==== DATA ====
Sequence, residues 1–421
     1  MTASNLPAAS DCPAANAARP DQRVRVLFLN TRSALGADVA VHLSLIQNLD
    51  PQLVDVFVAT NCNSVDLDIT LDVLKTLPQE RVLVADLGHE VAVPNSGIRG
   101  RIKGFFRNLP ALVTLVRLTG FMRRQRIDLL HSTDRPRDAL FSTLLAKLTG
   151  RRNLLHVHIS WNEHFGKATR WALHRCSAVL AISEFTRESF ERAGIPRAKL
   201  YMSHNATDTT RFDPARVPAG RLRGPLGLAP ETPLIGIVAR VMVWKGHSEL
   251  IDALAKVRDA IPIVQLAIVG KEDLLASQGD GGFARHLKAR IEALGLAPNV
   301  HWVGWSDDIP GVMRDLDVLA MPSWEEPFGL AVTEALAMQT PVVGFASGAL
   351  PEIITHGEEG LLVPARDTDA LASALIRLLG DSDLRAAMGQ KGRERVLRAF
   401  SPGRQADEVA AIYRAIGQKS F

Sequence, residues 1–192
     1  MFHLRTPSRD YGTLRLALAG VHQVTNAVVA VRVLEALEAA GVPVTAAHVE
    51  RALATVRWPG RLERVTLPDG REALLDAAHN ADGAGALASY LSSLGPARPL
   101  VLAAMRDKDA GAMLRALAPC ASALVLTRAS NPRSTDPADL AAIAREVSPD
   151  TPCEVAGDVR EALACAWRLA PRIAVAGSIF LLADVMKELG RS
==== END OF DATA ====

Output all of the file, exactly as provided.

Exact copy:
Sequence, residues 1–421
     1  MTASNLPAAS DCPAANAARP DQRVRVLFLN TRSALGADVA VHLSLIQNLD
    51  PQLVDVFVAT NCNSVDLDIT LDVLKTLPQE RVLVADLGHE VAVPNSGIRG
   101  RIKGFFRNLP ALVTLVRLTG FMRRQRIDLL HSTDRPRDAL FSTLLAKLTG
   151  RRNLLHVHIS WNEHFGKATR WALHRCSAVL AISEFTRESF ERAGIPRAKL
   201  YMSHNATDTT RFDPARVPAG RLRGPLGLAP ETPLIGIVAR VMVWKGHSEL
   251  IDALAKVRDA IPIVQLAIVG KEDLLASQGD GGFARHLKAR IEALGLAPNV
   301  HWVGWSDDIP GVMRDLDVLA MPSWEEPFGL AVTEALAMQT PVVGFASGAL
   351  PEIITHGEEG LLVPARDTDA LASALIRLLG DSDLRAAMGQ KGRERVLRAF
   401  SPGRQADEVA AIYRAIGQKS F

Sequence, residues 1–192
     1  MFHLRTPSRD YGTLRLALAG VHQVTNAVVA VRVLEALEAA GVPVTAAHVE
    51  RALATVRWPG RLERVTLPDG REALLDAAHN ADGAGALASY LSSLGPARPL
   101  VLAAMRDKDA GAMLRALAPC ASALVLTRAS NPRSTDPADL AAIAREVSPD
   151  TPCEVAGDVR EALACAWRLA PRIAVAGSIF LLADVMKELG RS